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ESL forum > Grammar and Linguistics > Problem "OF WHOM SOME" structure! Please help!:)    

Problem "OF WHOM SOME" structure! Please help!:)


Problem "OF WHOM SOME" structure! Please help!:)
 The patients, ________ had spent the night outside, were desperate.
a) of whom some
b) wich
c) some of wich
d) some of who

 I choosed "d" but the correct answer is "a"- of whom some...
 It �s the first time I �ve found this tipe of "inversion", and I picked the wrong answer as I didn �t know about this "relative structure"... Could you explain why the correct answer is "a" and could you help me with some theory regarding this tricky structures?!? Thank you!

2 Jun 2010      


I �ve never seen this type of inversion, either, but it doesn �t sound wrong. The answer I would have thought of as perfect would be "some of whom", but, since it isn �t one of the options, (a) looks correct.
I don �t know why the clause is inverted, but I would choose (a) because of the "whom" bit - "of" needs "whom", it �s a preposition which needs an "object", so to speak.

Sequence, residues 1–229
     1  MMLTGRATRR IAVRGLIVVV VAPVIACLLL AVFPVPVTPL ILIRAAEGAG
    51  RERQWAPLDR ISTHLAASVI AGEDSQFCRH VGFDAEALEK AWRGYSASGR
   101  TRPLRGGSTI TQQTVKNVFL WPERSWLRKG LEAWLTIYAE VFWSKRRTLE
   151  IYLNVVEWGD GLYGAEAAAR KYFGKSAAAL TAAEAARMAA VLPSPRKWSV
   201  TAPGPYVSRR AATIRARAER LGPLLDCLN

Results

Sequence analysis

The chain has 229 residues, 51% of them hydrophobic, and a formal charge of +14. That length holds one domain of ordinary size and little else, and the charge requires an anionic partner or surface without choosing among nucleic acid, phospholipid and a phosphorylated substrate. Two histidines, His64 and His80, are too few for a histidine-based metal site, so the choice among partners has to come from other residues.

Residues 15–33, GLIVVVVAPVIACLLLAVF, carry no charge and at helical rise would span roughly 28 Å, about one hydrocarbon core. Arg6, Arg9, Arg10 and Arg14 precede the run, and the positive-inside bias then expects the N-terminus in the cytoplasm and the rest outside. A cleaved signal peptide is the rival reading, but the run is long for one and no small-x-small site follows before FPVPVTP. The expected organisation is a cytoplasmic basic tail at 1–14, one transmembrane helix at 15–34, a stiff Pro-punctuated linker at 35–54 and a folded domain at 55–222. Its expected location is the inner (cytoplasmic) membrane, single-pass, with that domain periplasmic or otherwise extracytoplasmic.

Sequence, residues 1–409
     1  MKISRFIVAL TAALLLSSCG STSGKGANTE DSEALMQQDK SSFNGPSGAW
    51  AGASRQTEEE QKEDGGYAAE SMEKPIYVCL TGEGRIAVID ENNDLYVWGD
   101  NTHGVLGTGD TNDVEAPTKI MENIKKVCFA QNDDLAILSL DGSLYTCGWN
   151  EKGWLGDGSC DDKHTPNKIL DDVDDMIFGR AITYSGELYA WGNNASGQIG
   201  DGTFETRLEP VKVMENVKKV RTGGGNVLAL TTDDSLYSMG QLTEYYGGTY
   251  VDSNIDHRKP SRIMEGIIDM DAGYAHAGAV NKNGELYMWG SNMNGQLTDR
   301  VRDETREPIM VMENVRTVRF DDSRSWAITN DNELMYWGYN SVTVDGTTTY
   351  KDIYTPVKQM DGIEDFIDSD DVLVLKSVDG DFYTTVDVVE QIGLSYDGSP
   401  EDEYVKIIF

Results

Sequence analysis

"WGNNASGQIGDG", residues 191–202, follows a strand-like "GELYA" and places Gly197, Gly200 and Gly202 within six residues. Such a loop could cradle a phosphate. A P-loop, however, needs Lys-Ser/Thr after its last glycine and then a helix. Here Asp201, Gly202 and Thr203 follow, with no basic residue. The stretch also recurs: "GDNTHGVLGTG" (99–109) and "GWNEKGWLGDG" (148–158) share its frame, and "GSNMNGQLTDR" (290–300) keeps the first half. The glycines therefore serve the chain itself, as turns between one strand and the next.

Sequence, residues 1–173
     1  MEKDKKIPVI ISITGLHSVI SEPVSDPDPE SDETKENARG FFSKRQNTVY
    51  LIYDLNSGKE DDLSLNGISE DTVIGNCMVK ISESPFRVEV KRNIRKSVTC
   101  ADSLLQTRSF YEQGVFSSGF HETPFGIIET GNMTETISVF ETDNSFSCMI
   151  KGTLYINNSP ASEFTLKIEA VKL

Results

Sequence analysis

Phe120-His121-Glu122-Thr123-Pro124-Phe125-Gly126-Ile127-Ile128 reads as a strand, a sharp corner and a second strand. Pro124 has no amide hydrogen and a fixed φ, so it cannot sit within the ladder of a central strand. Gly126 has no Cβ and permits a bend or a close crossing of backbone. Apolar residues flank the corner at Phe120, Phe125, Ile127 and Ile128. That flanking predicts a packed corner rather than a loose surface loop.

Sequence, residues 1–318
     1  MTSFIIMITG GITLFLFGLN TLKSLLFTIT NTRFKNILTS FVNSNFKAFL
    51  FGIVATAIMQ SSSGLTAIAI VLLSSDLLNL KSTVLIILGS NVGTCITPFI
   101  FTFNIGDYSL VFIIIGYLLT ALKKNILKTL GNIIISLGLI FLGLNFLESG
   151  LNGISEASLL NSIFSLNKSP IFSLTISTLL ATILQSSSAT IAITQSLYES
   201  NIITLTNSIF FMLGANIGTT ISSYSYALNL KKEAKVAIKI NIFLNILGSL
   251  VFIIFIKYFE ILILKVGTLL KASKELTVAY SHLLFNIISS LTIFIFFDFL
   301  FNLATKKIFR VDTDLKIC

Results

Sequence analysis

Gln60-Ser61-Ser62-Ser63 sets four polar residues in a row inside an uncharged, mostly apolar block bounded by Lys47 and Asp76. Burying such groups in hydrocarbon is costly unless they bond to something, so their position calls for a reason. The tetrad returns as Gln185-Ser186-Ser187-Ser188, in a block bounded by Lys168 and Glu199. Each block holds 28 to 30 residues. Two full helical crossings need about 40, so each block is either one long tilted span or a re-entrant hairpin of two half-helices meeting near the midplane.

2 Jun 2010     


Hi there,

I have seen and heard of this inversion but it is really not all that common nowadays. In fact, it sounds like "old" English to me and I would suspect that whoever fashioned the question used this construction on purpose to either - show off - or fool the people taking the exam or doing the activity.

I would have picked, if given the choice, "some of whom"... but as this was not an option; I would have then picked option "a" just because it was the only one close enough to the "some of whom" answer.

Also, "who" could have been a correct answer too but as it was not offered, the only possible choice was "a".

Now the reasoning:

Some of whom - means not all of them, only a few... and it is the same idea as "some of them" instead of "some of they" (which is wrong) - whom is the object and who is the subject...

2 Jun 2010     

United States

I agree completely with Linda (Zora). "Some of whom" is very common, but "of whom some" is definitely correct.

2 Jun 2010     


I can confirm, very uncommon but correct.

3 Jun 2010